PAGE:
Georgia’s making headline news once again. Why? We’re breaking it down below!
During the 2020 US presidential election, Georgia became the talk of the country. President Biden had won the state with a very slim margin and talk of both voter fraud (or when people vote illegally), as well as voter suppression (or when people aren’t given the opportunity to vote) put the legitimacy of the victory in question. After a recount was completed, Biden was once again declared the winner. Nevertheless, the rumors of voter fraud continued to fuel the flames for those who felt like the victory should’ve been Trump’s.
Georgia’s New Voting Law
In late March, the Georgia state senate passed a new voting bill. This new law makes it illegal for the government to send all registered voters an application to request for an absentee ballot (or a ballot they can complete and mail in from home), shortens the timeframe for when someone can request an absentee ballot, and requires those dropping off an absentee ballot to sign (what was required before) and include their driver’s license number on the ballot. Oh, and don’t even think about offering food or water to people waiting in the long lines to vote—that’s now illegal in Georgia!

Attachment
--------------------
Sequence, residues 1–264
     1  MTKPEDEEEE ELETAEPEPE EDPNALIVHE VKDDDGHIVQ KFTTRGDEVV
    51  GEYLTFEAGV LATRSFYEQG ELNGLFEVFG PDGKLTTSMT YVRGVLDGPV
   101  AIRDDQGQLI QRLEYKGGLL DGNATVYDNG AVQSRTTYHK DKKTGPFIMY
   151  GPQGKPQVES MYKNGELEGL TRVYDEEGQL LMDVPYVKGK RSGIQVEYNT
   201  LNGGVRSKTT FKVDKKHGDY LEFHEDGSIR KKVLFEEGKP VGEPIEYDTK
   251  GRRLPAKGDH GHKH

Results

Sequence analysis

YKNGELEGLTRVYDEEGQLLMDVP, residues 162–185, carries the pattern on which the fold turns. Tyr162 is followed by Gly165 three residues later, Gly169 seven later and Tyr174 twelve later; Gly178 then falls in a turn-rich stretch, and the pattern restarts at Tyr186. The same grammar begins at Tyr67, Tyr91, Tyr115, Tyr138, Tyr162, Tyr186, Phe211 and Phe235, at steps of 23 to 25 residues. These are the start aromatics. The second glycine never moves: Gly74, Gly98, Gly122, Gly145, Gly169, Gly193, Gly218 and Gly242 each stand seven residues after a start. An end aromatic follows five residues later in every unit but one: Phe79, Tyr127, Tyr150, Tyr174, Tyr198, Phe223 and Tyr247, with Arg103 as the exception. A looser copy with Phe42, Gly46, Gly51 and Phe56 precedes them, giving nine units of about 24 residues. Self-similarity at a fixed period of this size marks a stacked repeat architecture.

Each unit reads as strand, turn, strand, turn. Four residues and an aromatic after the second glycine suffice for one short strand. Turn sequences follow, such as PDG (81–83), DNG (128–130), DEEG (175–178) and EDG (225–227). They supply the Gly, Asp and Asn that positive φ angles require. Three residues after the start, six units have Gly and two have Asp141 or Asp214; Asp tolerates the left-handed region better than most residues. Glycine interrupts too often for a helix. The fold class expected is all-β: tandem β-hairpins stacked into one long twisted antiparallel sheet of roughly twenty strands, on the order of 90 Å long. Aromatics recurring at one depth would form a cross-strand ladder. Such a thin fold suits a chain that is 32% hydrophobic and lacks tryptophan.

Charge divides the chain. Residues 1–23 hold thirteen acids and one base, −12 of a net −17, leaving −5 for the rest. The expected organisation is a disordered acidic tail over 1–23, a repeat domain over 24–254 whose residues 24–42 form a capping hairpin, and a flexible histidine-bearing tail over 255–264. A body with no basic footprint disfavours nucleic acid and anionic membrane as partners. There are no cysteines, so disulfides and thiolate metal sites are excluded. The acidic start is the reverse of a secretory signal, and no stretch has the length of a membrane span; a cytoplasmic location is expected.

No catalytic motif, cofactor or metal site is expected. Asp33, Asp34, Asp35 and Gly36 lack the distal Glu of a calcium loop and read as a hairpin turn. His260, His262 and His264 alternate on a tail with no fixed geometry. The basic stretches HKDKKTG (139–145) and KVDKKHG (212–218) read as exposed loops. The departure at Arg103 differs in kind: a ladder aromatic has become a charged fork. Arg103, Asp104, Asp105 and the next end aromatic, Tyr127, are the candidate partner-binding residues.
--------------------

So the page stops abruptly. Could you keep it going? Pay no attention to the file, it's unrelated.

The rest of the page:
Why Is This New Voting Law Raising Eyebrows?
Community organizers and politicians who opposed the law see this new law as an effort to suppress votes. After all, shortening the timeframe to request absentee ballots, decreasing the number of ballot drop off boxes, and making it illegal for the government to send applications to all registered voters as a reminder to request their ballots are all actions that make it harder, not easier, for a person to vote.
What’s Happened Since The New Voting Bill Passed?
Large companies that are headquartered in Georgia have spoken out against the new voting law and some organizations, like Major League Baseball, have decided to protest the law by moving their large events to other states. While some may agree with these moves, others don’t. Those in favor of these moves argue that money talks. An event such as MLB’s all-star game brings a lot of money to the state and a decision to move the game to another state means Georgia will be losing a lot of potential income. Those who are against these moves argue that it’s the small businesses that depend on these large events that will ultimately lose out, not the state.
Georgia may be the first state to pass such a bill, but it certainly won’t be the last. In fact, lawmakers in nearly all fifty states have introduced some sort of voting bill that would make it harder for people to vote. Only time will tell if other state legislatures will follow in Georgia’s footsteps.